I loved Nixonland. I like it as an overview where you can learn something about the stuff you either had forgotten or didn’t know about. Basically the book is about the rise of modern conservatism so the book isn’t going to explain every detail, but if somethings makes you want to learn more there are other places you can look.

Perlstein goes into the social and cultural events of the day that were shaping America, and most people today don’t realize how much went on. I don’t know how many idiots have tried to tell me how bad race relations are now and how close to revolution we are, and then they admit to knowing nothing about the 60s and 70s.


Maybe I got my numbers wrong and Fonda was in Episode 9, cause they have already covered Kent State from a couple angles in the documentary by then.


Yeah, looking at my posts above, Kent State was Episode 8, Jane Fonda was Episode 9.


I may have to skip Episode 9, then. I can’t even watch Jane Fonda. She’s the only living American for whom I would support immediate execution.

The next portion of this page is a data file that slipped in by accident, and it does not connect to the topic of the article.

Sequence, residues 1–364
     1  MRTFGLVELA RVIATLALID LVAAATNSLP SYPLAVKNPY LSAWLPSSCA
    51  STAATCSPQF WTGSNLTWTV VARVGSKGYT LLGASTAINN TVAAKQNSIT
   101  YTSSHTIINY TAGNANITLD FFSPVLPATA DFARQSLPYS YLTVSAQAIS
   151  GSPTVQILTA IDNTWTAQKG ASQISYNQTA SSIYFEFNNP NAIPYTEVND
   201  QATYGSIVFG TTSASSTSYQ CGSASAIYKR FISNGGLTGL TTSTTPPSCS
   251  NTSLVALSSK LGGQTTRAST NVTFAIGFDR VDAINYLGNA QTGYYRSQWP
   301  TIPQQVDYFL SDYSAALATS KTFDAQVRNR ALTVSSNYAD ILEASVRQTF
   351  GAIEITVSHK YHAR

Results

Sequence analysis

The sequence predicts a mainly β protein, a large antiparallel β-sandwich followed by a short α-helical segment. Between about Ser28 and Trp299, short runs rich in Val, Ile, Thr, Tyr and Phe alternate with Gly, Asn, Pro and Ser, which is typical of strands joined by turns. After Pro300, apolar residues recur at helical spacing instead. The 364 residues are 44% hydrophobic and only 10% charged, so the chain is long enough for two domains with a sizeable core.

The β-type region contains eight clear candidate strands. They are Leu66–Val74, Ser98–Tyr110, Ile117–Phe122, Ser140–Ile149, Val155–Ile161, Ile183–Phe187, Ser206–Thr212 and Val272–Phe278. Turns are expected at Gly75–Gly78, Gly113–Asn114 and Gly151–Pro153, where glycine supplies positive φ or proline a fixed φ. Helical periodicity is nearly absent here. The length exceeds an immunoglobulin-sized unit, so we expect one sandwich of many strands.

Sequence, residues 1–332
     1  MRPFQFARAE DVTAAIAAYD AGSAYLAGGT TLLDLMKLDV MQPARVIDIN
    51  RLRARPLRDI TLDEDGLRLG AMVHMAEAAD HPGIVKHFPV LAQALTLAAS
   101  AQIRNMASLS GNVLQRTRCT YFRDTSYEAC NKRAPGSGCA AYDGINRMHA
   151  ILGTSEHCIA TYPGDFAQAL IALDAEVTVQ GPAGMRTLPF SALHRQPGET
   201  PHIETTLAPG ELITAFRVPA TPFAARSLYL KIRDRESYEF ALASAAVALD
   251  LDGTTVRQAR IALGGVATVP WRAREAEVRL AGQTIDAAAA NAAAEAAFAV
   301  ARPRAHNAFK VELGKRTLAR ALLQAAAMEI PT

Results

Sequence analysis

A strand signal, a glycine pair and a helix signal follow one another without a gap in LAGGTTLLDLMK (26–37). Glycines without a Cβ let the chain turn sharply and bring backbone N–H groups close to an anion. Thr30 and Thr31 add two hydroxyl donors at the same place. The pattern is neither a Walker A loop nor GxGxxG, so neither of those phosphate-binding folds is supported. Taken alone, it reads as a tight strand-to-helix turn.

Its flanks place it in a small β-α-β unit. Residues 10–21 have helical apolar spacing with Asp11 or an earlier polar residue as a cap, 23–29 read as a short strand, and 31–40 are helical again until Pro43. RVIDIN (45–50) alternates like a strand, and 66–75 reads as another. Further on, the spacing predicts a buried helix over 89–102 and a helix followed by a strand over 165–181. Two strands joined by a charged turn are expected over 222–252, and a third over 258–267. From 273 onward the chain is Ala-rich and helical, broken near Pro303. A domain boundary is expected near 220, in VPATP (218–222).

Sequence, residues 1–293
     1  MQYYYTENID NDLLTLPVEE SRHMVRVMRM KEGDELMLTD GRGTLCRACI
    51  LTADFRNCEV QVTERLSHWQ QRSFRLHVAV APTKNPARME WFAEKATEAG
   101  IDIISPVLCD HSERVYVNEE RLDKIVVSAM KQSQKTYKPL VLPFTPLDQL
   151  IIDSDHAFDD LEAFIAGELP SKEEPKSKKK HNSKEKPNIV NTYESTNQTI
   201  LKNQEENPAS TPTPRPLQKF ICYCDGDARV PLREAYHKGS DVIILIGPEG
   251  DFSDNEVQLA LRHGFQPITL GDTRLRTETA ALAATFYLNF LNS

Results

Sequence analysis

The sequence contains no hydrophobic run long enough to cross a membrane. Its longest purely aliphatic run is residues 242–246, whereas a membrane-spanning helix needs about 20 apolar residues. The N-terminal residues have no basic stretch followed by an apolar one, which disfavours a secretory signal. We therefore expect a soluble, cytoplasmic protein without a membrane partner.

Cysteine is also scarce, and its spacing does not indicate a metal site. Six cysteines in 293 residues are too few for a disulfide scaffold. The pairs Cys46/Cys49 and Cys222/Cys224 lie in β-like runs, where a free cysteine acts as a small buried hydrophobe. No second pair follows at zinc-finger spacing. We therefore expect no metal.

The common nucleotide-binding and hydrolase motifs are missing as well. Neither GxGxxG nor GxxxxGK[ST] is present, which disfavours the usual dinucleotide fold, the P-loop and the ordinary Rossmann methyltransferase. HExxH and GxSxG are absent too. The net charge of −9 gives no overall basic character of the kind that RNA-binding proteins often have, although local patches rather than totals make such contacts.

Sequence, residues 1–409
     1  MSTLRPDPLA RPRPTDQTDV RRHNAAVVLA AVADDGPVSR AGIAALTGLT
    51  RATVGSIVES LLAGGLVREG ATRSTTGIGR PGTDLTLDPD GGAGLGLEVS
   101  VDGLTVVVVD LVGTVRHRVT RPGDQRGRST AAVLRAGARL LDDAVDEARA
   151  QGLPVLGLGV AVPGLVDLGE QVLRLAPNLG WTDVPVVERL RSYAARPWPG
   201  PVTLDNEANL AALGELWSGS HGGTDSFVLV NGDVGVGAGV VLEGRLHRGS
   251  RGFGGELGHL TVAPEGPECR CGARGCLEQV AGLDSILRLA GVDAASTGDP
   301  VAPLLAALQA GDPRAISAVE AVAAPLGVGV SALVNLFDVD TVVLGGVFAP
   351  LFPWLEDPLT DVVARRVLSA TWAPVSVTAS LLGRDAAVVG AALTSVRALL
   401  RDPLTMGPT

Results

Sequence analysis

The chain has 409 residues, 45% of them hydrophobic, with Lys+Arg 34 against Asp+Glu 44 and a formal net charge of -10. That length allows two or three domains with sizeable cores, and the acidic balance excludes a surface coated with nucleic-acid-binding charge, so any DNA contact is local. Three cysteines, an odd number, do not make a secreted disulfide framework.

They only give her and the others who visited North Vietnam about 5 minutes, but the way they deal with her I found very strange. The marine, Musgrave, talks about how she represented “day dreams” for them and they clips of Barbarella. Kinda weird.


Salon’s Patrick Lawrence has a very critical take on the documentary.

He interviews Christian Appy about the documentary. They are both critical of the role the documentary will have on America’s collective memory about the war. About how Burns once again pushes American Exceptionalism even in this documentary instead of it being a perfect case for refuting American Exceptionalism.

They are especially critical of the lack of voices in the documentary from anti-war activists. An interesting take. It was interesting to read this morning to get an additional take on the culture and the history, and how the documentary handled it in their opinion.


I thought the documentary was pretty damning of the American Presidents and government, of the military and of the South Vietnamese government. I thought the documentary covered the anti-war protests pretty well, even including protests by returned veterans.